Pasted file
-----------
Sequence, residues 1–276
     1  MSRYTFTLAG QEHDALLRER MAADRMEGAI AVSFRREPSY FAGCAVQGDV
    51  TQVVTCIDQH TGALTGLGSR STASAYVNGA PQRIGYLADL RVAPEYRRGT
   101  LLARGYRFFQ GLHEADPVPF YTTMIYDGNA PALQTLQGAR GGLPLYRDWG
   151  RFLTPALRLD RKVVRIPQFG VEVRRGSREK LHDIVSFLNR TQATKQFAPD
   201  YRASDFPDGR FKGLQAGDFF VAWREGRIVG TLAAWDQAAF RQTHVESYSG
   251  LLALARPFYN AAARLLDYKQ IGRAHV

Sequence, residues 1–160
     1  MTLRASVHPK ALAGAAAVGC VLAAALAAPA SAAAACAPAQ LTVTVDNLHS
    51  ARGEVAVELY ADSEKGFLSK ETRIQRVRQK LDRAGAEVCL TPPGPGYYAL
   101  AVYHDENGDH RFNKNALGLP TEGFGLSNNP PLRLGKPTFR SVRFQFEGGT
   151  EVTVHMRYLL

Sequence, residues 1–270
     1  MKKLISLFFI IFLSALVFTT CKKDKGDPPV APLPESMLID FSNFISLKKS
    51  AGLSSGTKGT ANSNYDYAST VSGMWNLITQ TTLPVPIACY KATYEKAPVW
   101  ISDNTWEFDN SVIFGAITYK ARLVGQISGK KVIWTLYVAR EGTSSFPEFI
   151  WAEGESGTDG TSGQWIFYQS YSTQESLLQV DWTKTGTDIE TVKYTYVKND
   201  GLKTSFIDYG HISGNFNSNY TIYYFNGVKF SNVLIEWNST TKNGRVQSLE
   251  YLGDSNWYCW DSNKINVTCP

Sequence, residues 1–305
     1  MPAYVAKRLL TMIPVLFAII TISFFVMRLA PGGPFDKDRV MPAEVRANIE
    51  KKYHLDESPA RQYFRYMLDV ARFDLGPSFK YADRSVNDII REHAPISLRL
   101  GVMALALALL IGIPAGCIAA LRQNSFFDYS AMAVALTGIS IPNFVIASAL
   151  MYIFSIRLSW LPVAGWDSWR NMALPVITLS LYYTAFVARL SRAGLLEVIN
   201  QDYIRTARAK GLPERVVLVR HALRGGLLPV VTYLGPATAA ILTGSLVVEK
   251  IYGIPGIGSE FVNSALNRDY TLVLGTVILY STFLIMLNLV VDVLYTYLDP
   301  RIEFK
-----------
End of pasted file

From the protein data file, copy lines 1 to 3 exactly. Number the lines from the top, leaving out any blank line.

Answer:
Sequence, residues 1–276
     1  MSRYTFTLAG QEHDALLRER MAADRMEGAI AVSFRREPSY FAGCAVQGDV
    51  TQVVTCIDQH TGALTGLGSR STASAYVNGA PQRIGYLADL RVAPEYRRGT